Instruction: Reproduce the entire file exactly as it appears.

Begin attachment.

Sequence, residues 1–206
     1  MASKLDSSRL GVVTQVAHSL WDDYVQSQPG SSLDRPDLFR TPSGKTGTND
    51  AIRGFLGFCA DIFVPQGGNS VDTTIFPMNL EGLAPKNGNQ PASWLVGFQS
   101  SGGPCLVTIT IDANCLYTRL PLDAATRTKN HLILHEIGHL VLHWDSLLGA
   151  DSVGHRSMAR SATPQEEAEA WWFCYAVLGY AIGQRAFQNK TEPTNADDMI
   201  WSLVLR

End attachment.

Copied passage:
Sequence, residues 1–206
     1  MASKLDSSRL GVVTQVAHSL WDDYVQSQPG SSLDRPDLFR TPSGKTGTND
    51  AIRGFLGFCA DIFVPQGGNS VDTTIFPMNL EGLAPKNGNQ PASWLVGFQS
   101  SGGPCLVTIT IDANCLYTRL PLDAATRTKN HLILHEIGHL VLHWDSLLGA
   151  DSVGHRSMAR SATPQEEAEA WWFCYAVLGY AIGQRAFQNK TEPTNADDMI
   201  WSLVLR